Journal cover Journal topic
Proceedings of the ICA
Journal topic
Volume 2
Proc. Int. Cartogr. Assoc., 2, 16, 2019
https://doi.org/10.5194/ica-proc-2-16-2019
© Author(s) 2019. This work is distributed under
the Creative Commons Attribution 4.0 License.
Proc. Int. Cartogr. Assoc., 2, 16, 2019
https://doi.org/10.5194/ica-proc-2-16-2019
© Author(s) 2019. This work is distributed under
the Creative Commons Attribution 4.0 License.

  10 Jul 2019

10 Jul 2019

Employing GIS towards shaping a smart and sustainable future: a brief policy survey of global and Taiwan’s efforts

Chih-Wei Chen1,2,3,4,8, Ching-Yi Lin3,7, Chine-Hung Tung6, Hsiung-Ming Liao5, Jr-Jie Jang5, Kun-Chi Lai3,4, Meng-Ying Li3,4, and Yin-Ling Huang3,4 Chih-Wei Chen et al.
  • 1Royal Geographical Society (with IBG), UK
  • 2National Council for Sustainable Development, Taiwan
  • 3Institute of Urban Diversity and Mobility, Taiwan
  • 4Taiwan Geographic Information System Center (TGIC), Taiwan
  • 5Academia Sinica, Taiwan
  • 6National Chung-Hsing University, Taiwan
  • 7Chung Shan Medical University, Taiwan
  • 8University College London, UK

Keywords: SDGs, Localisation, NGIS, CGIS, Multi-Data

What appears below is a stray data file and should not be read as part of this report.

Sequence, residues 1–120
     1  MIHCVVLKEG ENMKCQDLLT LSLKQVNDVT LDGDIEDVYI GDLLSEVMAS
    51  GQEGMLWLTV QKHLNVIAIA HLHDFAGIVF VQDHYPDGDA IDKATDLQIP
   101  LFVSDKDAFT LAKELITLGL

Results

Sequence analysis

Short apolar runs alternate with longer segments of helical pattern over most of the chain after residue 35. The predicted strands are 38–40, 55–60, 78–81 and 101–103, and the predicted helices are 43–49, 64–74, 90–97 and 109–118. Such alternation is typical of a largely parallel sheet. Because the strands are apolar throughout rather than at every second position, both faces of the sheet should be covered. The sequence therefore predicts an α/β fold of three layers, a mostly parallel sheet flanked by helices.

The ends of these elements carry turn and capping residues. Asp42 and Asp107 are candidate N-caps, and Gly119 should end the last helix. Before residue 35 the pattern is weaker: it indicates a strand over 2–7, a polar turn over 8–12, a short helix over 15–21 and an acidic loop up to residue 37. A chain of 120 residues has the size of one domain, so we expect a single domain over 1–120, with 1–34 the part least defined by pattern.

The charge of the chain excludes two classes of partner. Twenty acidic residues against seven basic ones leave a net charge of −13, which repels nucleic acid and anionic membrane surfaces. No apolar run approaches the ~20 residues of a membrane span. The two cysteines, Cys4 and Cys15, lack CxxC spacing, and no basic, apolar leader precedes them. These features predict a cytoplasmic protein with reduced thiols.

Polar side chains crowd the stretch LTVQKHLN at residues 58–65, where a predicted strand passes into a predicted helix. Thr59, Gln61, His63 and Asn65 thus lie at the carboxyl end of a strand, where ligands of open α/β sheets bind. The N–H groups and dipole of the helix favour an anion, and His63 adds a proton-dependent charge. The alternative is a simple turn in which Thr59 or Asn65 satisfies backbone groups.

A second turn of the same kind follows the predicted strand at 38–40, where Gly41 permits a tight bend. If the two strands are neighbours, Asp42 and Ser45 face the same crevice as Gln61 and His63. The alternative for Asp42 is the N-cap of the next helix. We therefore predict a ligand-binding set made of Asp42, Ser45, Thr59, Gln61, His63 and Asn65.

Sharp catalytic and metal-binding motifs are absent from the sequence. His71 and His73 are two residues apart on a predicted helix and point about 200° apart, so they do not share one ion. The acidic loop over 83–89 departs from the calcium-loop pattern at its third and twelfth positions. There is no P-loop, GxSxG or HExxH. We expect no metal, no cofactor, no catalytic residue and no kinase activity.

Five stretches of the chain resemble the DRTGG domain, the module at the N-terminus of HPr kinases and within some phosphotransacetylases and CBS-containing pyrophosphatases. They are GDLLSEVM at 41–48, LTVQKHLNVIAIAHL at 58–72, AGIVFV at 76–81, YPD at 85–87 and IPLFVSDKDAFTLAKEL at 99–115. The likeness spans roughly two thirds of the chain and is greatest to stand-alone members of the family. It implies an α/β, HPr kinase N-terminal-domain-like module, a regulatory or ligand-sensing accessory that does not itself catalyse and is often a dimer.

Abstract. Since UN announced 17 SDGs in 2015, many countries around the world have been endeavouring to promote SDGs towards building a sustainable future. Given the disparity of the regional development, national government is suggested to establish localised sustainable vision. Drawing on UN SDGs with targets and corresponding indicators, meanwhile considering local circumstances and sustainable vision, government further seeks to establish localised SDGs with related targets and indicators. Meanwhile, under the digital era, digital technologies have been extensively employed as the smart tool in many fields nowadays, and Geographic Information System (GIS) has been developed as the platform to visualise the SDGs progress in UN and many countries. On the above basis, this paper further demonstrates Taiwan’s efforts to establish localised SDGs, and develop National Geographic Information System (NGIS) to implement the sustainable development in Taiwan, monitor the SDGs progress, and provide feedback to policymakers to further make strategic policies in a top-down approach, meanwhile develop Community Geographic Information System (CGIS) to encourage stakeholders and citizens to harness the concept of CGIS to proactively create and tell their own stories and promote Regional Revitalisation policy in a bottom-up approach. Moreover, GIS could not function well without appropriate data management including massive data and open data policy, well-built digital infrastructure, as well as the selected “right data” and cyber security. Hence, with appropriate data management, GIS as a smart tool could facilitate the promotion and implementation of SDGs in an intuitive manner towards shaping a smart and sustainable future.

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